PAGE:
Industry changes

The 2012 Act introduces a number of important changes to land and property registration that will have a considerable impact on professionals involved in the buying and selling of land and property. We've outlined the key changes below as they affect conveyancing solicitors and mortgage lenders.

How the changes affect you

Changes for solicitors

Legal issues

  • End of the Keeper's 'midas touch' – registration on its own will not be the complete story – the validity of a registered title will be governed by property law rules.
  • All manifest inaccuracies must be rectified.
  • Prescription will run on all land register titles and where prescription is running on a title the Keeper cannot rectify without consent or court order.
  • One shot rule: applications cannot be amended after they have been submitted, the current RoS requisition policy will be reviewed.
  • New rules for the acceptance of a non domino titles ('prescriptive claimants' in 2012 Act terminology).
  • Re-alignment of rights – protection for third parties acting in good faith relying on the register.
  • Registration of decrees of reduction.
  • Indemnity replaced with warranty.
  • Warranty given to applicants (not third parties relying on the register).
  • 'Duty of care' to Keeper introduced.
  • 'Statutory offence' created.

Changes for mortgage lenders

No Land or Charge Certificates

These will no longer be issued by the Keeper. On an application being registered applicants will be notified by the Keeper of the registration of the deed. Section 104 of the 2012 Act provides that a person can apply for an extract of a part or whole of a title sheet.Advance Notices

These have been introduced to cover the gap risk period in a conveyancing transaction which is the period between the delivery and registration of a deed. In this period a deed is seen to be at risk from either a competing deed entering the register first or the insolvency of the granter. Advance notices will provide a 35-day protected period against competing deeds and entries in the Register of Inhibitions. Advance notices have been introduced to provide an alternative to the guarantee that currently forms part of a letter of obligation.One Shot Rule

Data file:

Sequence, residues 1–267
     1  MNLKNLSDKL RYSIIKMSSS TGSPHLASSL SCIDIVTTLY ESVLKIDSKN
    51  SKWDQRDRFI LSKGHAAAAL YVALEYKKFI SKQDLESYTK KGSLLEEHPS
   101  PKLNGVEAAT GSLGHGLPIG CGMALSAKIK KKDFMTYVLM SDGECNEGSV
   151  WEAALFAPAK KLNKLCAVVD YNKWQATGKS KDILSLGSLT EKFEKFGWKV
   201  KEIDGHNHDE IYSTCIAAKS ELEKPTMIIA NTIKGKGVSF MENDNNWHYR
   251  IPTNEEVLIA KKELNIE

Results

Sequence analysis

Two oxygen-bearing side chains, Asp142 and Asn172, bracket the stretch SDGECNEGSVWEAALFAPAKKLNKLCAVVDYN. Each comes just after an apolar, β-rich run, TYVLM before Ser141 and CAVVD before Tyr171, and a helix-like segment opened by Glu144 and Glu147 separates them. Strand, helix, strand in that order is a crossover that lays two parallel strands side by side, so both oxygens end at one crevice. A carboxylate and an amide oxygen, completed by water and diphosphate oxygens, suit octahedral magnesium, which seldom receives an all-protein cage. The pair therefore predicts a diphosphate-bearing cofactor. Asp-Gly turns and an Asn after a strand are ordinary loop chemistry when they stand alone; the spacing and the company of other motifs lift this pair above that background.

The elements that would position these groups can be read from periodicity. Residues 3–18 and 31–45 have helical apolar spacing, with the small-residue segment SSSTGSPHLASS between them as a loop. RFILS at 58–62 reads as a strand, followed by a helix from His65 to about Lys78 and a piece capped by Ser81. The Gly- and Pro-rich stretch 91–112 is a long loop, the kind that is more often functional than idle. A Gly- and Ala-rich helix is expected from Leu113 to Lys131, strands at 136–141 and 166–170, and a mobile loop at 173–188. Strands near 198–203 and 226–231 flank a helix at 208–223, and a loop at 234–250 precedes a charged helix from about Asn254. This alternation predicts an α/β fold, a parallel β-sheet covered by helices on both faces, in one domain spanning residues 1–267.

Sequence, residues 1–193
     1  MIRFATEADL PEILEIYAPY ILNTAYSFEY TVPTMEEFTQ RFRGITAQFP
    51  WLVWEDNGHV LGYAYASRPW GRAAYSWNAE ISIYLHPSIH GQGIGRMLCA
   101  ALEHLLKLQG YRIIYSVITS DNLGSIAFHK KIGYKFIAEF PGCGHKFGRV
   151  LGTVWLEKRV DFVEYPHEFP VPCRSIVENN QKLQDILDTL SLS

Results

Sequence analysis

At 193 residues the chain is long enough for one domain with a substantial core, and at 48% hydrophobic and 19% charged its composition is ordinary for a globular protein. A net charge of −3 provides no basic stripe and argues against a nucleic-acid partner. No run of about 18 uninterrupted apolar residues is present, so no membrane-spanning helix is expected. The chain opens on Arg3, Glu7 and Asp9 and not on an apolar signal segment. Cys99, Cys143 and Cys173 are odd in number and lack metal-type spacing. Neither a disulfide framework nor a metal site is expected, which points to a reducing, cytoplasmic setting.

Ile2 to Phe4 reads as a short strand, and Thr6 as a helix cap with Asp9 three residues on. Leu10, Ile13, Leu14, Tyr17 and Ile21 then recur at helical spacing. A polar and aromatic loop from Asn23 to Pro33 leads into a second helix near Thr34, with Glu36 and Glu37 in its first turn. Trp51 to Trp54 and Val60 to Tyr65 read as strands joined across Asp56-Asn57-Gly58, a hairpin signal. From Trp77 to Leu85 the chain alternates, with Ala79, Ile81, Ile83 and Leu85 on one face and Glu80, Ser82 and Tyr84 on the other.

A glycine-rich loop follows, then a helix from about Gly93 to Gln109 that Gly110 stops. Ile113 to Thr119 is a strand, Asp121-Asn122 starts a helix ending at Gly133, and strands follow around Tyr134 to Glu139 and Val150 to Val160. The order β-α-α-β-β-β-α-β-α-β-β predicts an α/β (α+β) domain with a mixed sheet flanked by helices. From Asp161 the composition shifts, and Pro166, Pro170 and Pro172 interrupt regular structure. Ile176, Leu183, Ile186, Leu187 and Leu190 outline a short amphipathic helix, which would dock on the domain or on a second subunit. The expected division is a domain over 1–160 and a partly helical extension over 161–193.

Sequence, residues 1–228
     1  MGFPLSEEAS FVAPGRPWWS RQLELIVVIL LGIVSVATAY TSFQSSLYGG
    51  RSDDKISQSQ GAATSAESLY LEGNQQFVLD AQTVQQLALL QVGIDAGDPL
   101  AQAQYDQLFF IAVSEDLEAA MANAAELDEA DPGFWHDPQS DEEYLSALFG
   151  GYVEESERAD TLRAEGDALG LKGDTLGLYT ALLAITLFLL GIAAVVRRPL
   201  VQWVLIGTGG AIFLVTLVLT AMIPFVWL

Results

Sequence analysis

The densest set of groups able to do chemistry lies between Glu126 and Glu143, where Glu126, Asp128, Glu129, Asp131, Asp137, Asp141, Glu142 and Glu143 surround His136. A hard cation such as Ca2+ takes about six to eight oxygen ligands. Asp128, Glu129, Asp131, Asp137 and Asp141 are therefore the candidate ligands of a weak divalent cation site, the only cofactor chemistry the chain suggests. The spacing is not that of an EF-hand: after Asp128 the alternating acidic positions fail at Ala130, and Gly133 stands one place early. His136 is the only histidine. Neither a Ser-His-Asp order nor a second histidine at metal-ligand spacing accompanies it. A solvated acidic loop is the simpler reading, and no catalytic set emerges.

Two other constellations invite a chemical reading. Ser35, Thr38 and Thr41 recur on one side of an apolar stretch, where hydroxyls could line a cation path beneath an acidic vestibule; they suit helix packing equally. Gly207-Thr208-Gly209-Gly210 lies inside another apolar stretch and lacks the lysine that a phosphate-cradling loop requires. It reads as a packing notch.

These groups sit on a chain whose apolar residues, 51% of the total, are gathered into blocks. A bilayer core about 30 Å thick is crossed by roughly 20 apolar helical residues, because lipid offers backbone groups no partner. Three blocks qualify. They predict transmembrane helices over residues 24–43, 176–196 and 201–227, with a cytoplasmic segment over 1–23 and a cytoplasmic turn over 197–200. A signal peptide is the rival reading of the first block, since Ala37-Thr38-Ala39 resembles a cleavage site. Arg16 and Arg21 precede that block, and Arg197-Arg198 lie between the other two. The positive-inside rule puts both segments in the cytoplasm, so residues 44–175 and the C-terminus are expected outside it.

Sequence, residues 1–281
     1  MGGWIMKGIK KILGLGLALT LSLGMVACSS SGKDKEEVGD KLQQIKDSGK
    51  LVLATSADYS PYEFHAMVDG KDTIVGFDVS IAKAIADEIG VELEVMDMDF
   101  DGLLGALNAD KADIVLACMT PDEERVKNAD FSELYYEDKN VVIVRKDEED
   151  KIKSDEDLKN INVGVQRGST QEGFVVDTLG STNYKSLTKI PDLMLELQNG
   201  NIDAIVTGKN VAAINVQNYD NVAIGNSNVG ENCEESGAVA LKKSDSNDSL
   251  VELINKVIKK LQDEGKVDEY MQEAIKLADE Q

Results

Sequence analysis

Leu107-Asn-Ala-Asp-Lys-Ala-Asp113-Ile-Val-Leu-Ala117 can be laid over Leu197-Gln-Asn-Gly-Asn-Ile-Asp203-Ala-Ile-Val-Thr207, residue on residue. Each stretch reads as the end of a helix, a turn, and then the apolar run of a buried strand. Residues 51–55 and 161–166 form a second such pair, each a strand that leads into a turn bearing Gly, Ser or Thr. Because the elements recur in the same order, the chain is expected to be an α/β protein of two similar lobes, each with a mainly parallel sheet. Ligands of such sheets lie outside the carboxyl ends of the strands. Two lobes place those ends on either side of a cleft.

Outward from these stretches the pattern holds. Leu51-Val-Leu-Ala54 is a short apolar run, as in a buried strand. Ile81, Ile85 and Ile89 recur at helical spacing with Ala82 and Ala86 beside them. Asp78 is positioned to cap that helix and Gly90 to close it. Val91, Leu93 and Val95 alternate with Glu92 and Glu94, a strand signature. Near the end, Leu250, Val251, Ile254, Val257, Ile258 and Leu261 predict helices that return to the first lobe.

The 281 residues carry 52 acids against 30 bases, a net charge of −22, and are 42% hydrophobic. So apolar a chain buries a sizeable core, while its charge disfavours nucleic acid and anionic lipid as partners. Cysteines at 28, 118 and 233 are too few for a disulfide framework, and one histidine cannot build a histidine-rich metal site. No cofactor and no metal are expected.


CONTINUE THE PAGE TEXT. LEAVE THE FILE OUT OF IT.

Section 34 of the 2012 Act provides that an application for registration cannot be amended while it is pending without the consent of the Keeper. Amendment of an application will only be possible in very limited circumstances. Further, it will not be possible to amend a deed after it has been submitted for registration. If a deed requires amendment, the application must be withdrawn or rejected and submitted as a new application once amended.Indemnity replaced with Warranty

After the designated day when an application for the registration of a deed is accepted, the Keeper will warrant to the applicant that on the date of registration the register is accurate insofar as it shows an acquisition, variation or discharge in their favour. The Keeper's warranty will not cover third parties relying on the register.An end to the Keeper's 'midas touch'

The 1979 Act could have the effect of making bad titles good. The 2012 Act realigns registration law with property law. The result being that registration on its own will not be enough to make a person the owner of a property to which they do not have legal title.